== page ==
Rio Carnival – Rio, Brazil
Are you ready for a vibrant and spectacular celebration that will leave you in awe? Then, join the millions of tourists who flock to Rio every year in February, just before the start of Lent.
At its core, Rio’s Carnival is a celebration of life and culture and an opportunity for people to witness the parade of samba schools, each one more dazzling than the last with their elaborate costumes covered in sequins and giant feathers. But it’s not just about watching – get involved and dance with the locals or attend one of the many parties and events throughout the city.
St Patrick’s Day – Dublin, Ireland
Get ready to embrace the luck of the Irish, even if it’s just for a day! St. Patrick’s Day in Dublin is an explosion of colour, culture, and joy. On March 17, the city comes alive with a fantastic parade featuring floats, street performers, and live music concerts throughout the day. But it’s not just about the festivities – immerse yourself in Irish culture by trying traditional dishes or raising a pint of Ireland’s famous brew, Guinness.
And, of course, what would St. Patrick’s Day be without a splash of green? So, from costumes to buildings – the city is draped in green to celebrate this national holiday in style.
Cherry Blossom Festival – Japan
Japan’s cherry blossom festival, or hanami, is a spectacular and unforgettable event that draws thousands of tourists annually. The festival usually occurs in late March or early April, depending on the region and weather conditions. During this time, people celebrate the arrival of spring by gathering under the beautiful cherry blossom (sakura) trees and enjoying food, drinks, and the company of friends and family. Traditional bento boxes and pink-themed sweets are popular for Hanami picnics.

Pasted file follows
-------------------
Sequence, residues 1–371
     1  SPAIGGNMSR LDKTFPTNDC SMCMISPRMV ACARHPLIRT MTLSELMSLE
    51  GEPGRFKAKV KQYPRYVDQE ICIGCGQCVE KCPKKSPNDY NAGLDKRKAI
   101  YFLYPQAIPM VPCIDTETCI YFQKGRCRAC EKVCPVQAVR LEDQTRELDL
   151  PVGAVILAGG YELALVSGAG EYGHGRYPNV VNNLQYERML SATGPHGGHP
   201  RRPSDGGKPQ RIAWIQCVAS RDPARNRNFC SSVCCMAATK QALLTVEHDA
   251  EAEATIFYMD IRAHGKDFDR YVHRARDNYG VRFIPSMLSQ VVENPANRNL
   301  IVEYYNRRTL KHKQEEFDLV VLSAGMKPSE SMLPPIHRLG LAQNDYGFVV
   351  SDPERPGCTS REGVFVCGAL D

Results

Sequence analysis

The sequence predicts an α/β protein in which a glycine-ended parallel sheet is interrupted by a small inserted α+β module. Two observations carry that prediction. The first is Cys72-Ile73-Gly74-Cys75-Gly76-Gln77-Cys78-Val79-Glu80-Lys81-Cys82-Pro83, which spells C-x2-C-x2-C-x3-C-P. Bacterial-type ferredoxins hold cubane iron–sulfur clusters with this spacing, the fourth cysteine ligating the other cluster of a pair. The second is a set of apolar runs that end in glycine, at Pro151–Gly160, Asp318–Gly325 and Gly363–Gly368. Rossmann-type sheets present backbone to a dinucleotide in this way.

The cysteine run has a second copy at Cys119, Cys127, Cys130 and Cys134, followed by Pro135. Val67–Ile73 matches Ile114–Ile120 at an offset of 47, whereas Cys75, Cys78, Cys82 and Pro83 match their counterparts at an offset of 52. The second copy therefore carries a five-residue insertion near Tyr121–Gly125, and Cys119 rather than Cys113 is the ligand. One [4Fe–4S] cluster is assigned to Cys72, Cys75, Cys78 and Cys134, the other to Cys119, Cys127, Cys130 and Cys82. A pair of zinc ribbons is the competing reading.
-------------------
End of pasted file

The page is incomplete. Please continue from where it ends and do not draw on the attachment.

There are several top picks to see Japan transform into a magic sea of pink and white petals, including Yoshino in Nara, which has 30,000 cherry blossom trees on the Kii Mountains, Himeji Castle in Hyogo, Fuji Five Lakes in Chubu as you can photograph Mount Fuji behind the flowers, and all over Kyoto and Tokyo. Osaka is also a top pick to celebrate cherry blossom season. The city has many beautiful parks and gardens, including Expo 70 Commemorative Park in Osaka, which has over 5,000 cherry trees.